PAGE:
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Asexual Reproduction
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Asexual Reproduction

Asexual Reproduction

World of Plants

Standard Grade Biology

Slide 2

Asexual Reproduction

Slide 3

Asexual reproduction

Asexual reproduction

Also known as vegetative propagation

3 methods of vegetative propagtaion

-tubers

-bulbs

-runners

Slide 4

Tubers

Tubers

Tubers are underground food stores which stores food over the winter and provides a new plant with food until it can make its own.

Food made by the new plant is sent to make new tubers. Thereby reproducing itself.

Examples: potato, artichoke, yam, cassava, water chestnut, arrowroot

Slide 5

Bulbs

Bulbs

E.g. daffodils, lilies

Slide 6

Runners

Runners

Runners are side shoots which grow out from the parent plant.

Buds form at points along the runner and eventually these buds form roots and grow into new plants.

Examples: spider plant (Anthericum), strawberry (Fragaria x ananassa)

Slide 7

Artificial Propagation

Artificial Propagation

2 methods used to cultivate plants asexually

-taking cuttings

-grafting

Slide 8

Cutting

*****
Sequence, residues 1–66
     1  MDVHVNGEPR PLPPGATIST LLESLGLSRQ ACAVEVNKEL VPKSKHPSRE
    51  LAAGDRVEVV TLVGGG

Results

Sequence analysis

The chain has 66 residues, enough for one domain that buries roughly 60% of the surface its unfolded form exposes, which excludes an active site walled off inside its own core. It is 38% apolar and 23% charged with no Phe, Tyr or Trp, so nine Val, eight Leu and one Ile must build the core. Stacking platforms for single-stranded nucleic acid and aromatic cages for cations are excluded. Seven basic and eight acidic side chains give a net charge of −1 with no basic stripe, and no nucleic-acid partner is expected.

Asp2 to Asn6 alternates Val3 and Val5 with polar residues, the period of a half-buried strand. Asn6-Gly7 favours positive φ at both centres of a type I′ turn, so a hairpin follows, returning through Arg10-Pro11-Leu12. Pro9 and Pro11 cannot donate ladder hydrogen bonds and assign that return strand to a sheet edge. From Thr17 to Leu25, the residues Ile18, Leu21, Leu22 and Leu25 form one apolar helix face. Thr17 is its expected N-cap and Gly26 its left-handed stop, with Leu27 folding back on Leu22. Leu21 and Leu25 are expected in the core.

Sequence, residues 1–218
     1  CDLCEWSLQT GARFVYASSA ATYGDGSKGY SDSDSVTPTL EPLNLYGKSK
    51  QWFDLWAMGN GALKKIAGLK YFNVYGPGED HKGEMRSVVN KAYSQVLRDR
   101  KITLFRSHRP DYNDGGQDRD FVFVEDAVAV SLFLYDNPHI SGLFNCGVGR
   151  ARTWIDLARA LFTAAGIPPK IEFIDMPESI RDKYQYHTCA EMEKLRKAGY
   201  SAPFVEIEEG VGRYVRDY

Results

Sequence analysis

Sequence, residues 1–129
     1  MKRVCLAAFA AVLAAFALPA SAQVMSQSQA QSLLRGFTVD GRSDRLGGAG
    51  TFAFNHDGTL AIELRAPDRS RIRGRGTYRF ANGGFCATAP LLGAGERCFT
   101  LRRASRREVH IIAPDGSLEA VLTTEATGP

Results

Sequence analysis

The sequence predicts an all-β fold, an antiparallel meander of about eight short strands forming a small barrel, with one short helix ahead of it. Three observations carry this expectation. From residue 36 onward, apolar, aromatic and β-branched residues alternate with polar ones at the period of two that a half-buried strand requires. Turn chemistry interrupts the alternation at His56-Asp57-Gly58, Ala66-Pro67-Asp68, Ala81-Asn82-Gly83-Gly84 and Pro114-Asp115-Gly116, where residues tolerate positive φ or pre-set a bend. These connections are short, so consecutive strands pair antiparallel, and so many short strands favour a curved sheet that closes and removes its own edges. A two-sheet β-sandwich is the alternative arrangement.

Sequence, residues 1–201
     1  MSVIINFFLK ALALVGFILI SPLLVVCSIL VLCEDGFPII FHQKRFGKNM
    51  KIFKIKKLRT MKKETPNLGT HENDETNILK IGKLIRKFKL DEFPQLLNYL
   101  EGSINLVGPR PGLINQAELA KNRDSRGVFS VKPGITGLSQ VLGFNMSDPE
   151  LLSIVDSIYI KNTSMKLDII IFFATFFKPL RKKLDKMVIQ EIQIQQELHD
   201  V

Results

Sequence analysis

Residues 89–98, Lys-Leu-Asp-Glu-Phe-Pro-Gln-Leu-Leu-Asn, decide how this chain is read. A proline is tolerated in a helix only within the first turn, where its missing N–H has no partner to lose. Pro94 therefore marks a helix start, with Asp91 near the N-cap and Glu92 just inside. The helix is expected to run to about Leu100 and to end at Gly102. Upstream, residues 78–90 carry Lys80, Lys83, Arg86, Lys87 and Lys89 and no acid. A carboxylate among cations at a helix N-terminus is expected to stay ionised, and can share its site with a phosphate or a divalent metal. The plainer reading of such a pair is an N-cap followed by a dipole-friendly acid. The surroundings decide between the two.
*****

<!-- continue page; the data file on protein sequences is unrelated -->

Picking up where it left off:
Cutting

They can be placed in moist

soil or water (and sometimes

dipped in rooting

powder).

Cuttings are small pieces of stem with some leaves attached, the new plant grows from this.

Slide 9

Grafting

Grafting

A cut stem of one plant (with good flower or fruit growth) (the graft) is taken and firmly attached to the rootstock of another plant (which has a strong, established root system) (the stock).

Examples- roses, fruit trees

Slide 10

Commercial aspects

Commercial aspects

Artificial propagation has allowed us to adapt and improve plants for our own use.

Some of the benefits include:

Quick production of large numbers of genetically identical plants.

Specific varieties, desired features or consistent quality can be produced especially in fruit, flowers.

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